This interesting example of kiosks driving green behavior is just one of several worth reading in the first of a 2 part series by Kioskmarketplaces.com’s Missy Baxter.

Read the rest of the article.

Want to learn about implementing self service kiosks?

Kiosks in Grocery Stores


Walmart Announces Item-Level RFID. Will You Be Next?

Walmart has officially launched an item-level RFID initiative requiring some suppliers to tag such apparel items as jeans and socks. You may have seen the report in the July 23 Wall Street Journal.

In RFID Journal’s report the same day, Myron Burke, Walmart’s director of store innovation, explained, “We are focused on items that require a more complex purchasing decision by the customer. With denim, the customer has to make a decision based on brand, style, size and cut, in addition to price, of course. There are other areas of the store where we sell items with similar attributes. Tires are one. Some electronics items, such as TVs, are another.”

RFID Journal also points to an Aberdeen Group survey that shows 57 percent of retailers use or plan to use RFID item-level tagging.

How about you? Do you see enough ROI from item-level tagging that you expect your stores to implement it anytime soon? If so, what sorts of items would you tag?

Read more about the ROI benefits of retail item-level tagging in our earlier blog article, and in the white paper “Traceability in Retail—Reducing RFID Media Costs for Best Value.”

Intelligent Mobility – Print with your Smartphone

Just imagine if retail associates had customizable smartphone apps that allowed them to directly access printers—anywhere in the store, anytime. The possibilities for improving efficiencies are nearly endless, from re-pricing, to queue busting, and even receipt printing tasks. Retailers could create apps for printing inventory records, tracking tags, point-of-sale receipts, product labels, and much more.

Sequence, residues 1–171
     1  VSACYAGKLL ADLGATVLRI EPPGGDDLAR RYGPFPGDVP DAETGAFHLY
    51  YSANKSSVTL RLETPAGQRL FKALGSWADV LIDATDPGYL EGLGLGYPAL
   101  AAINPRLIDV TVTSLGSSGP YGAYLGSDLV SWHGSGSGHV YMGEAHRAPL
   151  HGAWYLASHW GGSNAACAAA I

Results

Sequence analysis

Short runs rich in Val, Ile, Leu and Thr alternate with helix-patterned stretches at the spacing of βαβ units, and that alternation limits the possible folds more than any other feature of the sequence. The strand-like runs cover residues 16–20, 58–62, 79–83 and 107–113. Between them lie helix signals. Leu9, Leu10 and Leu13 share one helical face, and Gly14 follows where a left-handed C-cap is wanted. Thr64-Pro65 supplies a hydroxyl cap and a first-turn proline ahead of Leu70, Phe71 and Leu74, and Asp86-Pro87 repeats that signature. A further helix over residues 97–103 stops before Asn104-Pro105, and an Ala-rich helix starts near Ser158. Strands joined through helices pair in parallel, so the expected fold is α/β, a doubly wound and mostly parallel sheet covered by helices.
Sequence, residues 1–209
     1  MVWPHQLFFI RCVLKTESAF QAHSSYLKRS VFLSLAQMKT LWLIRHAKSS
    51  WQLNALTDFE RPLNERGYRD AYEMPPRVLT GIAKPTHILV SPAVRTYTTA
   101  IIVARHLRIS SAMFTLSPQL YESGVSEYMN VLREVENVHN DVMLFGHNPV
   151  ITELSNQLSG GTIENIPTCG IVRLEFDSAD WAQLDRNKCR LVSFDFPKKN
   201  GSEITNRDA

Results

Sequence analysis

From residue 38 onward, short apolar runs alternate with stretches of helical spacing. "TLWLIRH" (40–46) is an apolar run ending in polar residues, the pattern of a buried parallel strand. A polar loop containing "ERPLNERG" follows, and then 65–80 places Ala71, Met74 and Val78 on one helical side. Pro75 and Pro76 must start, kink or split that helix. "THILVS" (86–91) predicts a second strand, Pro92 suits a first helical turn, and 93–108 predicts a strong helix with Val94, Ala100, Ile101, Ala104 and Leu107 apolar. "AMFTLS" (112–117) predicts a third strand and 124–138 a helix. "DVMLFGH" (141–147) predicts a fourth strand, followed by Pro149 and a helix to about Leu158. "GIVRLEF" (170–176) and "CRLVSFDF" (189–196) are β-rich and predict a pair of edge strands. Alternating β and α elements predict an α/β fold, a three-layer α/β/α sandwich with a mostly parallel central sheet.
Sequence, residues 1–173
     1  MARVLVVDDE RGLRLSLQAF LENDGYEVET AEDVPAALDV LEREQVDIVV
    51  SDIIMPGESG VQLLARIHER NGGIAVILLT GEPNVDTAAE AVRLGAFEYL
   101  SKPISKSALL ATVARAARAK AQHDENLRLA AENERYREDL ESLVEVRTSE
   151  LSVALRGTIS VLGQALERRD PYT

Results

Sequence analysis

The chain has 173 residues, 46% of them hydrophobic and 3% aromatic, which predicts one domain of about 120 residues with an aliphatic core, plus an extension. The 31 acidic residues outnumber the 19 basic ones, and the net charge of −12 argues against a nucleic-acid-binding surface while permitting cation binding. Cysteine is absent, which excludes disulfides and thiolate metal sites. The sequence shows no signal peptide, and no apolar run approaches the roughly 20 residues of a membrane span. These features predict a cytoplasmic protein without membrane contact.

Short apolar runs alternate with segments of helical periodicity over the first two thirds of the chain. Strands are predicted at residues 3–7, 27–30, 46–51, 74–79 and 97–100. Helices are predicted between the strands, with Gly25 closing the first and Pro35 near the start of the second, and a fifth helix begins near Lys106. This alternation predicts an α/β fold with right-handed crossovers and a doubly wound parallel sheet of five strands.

For retailers, shifting to mobile devices for in-store tasks presents a wide range of avenues for improving the franchise’s bottom line. Adding smartphone technologies to the mobility mix gives employees a familiar, cost-effective, and reliable tool for streamlining their workload, freeing them up for more customer face time. The result is a vastly improved customer experience. And we all know, customer-friendly retailers command the lion’s share of the revenue stream.

Multiplatform SDKs and Smartphone Apps Unlock Vital Benefits

Today, an innovative wave of multiplatform software development kits (SDKs) are rapidly coming to market that enable retailers to create tailored apps, and print from multiple BlackBerry® smartphone models or Windows Mobile® devices and terminals. The optimal SDK includes intuitive documentation, source code samples, and on-phone demonstration modules that make creating custom applications easy and fast.

In fact, many retailers are empowering their employees with SDK-app enabled smartphones for line queue busting in airport terminals, accelerating point of sale (POS) tasks, and receipt-printing tasks. Printing tasks are not limited to text and graphic-only outputs. Retailers using thermal printers can leverage smartphones to create RFID tags, bar codes, and other complex labeling tasks.